The Force One Prop Hub rides in a engine lubricated bearing that the case is machined out for. The Force One Bearing is pressure lubricated, utilizes 2 seals for oil control. The total bearing area has 4 to 5 more surface area than does a standard #4 position, VW bearing. But the important point is the hub is supported in the bearing instead of being attached forward of the bearing, as is the case when using a shrink fit or standard tapered prop hub. As the fit between the hub and the crank is on a 3 degree taper, it can be removed repeatedly without wearing out either tapered surface. With shrink fit hub, the .002" interference fit will eventually erode with multiple removals.

With our Force One Hub, we can still use the brass distributor drive gear to drive a secondary or primary ignition system. Another competitors crankshaft does not have the brass gear on the crankshaft and cannot use a primary or secondary ignition in the distributor hole.
They also offer an optional second ignition system, which would definitely be on my must-have list.

It's hard to figure out the total cost of the engine package, of course, because you have to add in things like the engine mount and propeller, but I'm estimating that it would top out at just about the same cost as the airframe. The airframe kit is very complete, up to and including the covering fabric. It sells for $8,700, but you have to throw in a few hundred for crating and shipping. They also sell the kit as three separate subkits, but that only serves to triple the additional charges associated with getting the thing to your door.

Where would I keep it? There is a small, grass runway airport no more than five miles from my house.

One thing that's still an open question, and a relatively big one at that, is how much of it could be built in my basement - one aspect of building the 12 that no amount of nostalgia can gloss over is just how hot and cold it can get working out in the hangar!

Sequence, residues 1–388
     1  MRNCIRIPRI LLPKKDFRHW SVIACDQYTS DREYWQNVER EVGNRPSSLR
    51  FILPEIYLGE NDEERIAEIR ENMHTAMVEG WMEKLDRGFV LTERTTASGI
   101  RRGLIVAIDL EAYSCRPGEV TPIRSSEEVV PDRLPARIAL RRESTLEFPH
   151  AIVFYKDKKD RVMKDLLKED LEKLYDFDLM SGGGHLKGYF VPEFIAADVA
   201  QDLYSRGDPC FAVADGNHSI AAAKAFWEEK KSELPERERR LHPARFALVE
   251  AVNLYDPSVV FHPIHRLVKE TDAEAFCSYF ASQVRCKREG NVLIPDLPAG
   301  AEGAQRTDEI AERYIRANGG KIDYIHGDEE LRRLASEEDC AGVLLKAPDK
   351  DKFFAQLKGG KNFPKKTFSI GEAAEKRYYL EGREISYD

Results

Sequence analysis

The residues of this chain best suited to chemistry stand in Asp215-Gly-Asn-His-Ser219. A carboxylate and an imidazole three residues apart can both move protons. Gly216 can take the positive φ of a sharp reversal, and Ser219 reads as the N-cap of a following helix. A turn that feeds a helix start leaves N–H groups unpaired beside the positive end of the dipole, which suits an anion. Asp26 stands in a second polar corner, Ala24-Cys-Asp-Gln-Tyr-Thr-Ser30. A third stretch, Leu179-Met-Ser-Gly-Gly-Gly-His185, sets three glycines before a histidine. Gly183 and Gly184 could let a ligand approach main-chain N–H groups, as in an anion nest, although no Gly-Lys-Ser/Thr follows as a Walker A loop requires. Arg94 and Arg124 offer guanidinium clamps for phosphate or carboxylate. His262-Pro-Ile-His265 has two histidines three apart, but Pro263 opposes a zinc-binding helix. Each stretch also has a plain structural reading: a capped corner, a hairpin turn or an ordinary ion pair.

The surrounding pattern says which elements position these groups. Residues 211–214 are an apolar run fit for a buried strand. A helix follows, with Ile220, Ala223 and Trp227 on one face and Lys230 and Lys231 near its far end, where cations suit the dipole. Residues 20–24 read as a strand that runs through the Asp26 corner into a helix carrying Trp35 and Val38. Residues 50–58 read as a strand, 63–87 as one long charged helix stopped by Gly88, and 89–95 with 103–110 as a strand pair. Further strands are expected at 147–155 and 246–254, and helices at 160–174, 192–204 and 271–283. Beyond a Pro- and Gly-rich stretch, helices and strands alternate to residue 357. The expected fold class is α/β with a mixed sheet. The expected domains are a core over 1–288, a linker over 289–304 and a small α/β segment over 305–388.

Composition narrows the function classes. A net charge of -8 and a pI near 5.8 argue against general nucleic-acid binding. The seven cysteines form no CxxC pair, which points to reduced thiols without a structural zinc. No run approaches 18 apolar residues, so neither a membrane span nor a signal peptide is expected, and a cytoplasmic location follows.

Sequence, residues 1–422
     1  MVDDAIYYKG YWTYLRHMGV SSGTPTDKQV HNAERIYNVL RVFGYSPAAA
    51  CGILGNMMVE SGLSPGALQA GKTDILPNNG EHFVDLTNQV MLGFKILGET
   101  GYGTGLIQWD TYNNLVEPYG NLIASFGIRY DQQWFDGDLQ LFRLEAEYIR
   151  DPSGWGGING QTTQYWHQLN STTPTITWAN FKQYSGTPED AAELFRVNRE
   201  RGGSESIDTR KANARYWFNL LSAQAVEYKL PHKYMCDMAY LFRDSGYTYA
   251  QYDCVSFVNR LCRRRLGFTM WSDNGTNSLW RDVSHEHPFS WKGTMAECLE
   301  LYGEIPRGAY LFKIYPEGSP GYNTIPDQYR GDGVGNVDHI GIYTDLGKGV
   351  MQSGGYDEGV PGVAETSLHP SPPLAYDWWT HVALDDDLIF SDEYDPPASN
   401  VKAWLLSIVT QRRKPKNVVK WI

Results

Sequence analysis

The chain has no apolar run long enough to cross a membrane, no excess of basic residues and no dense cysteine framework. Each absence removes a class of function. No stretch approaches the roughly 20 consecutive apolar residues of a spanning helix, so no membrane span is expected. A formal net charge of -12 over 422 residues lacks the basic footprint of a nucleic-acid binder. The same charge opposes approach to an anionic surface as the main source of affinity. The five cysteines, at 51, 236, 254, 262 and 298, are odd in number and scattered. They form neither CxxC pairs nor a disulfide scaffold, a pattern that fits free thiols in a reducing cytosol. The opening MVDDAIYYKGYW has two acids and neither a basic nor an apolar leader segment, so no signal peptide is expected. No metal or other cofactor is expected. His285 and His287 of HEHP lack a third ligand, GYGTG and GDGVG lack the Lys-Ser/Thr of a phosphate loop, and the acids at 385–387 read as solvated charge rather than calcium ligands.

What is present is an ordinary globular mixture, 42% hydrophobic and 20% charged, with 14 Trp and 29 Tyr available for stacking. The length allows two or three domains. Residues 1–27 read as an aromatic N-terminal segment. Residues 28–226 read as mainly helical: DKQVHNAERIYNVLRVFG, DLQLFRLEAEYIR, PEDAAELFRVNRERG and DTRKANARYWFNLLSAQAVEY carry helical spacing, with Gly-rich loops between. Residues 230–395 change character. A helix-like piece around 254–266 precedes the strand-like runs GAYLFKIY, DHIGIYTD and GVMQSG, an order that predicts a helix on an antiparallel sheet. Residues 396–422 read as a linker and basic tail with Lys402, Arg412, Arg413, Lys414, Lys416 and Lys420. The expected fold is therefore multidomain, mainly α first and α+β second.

So, will I do it?

I don't know. I try to never make decisions like this in February.


Anonymous said...

In the "Jeep" world, i always tease the guys that deem their project "complete". With an airplane like yours, I believe it is hard to say, "It's an on going project" once it has been certified to fly. So maybe another option for you would be to get an old Jeep. ;-) I know that is not your passion so maybe you should look for an old WW II fighter that would certainly take years to complete or join a team working on one. Just a few random thoughts as I consider my time line for building a winch mount for the winch I purchased a year ago, along with the under carriage lighting intended for night rides that I haven't even taken this Jeep on. (lights also purchased a year ago)

Anonymous said...

Here's a thought - learn to fly a helicopter and get rotor-wing added to your certificate. Then build yourself a helicopter. There are some interesting kits available for one, two or four occupants. Not sure what your budget is but some of the single place helicopters are not too expensive.

Steve said...

I forget his name, but there's a guy with one of the most beautiful homebuilt biplanes I've ever seen at AXV. Might want to wander up that direction one day and hunt him down.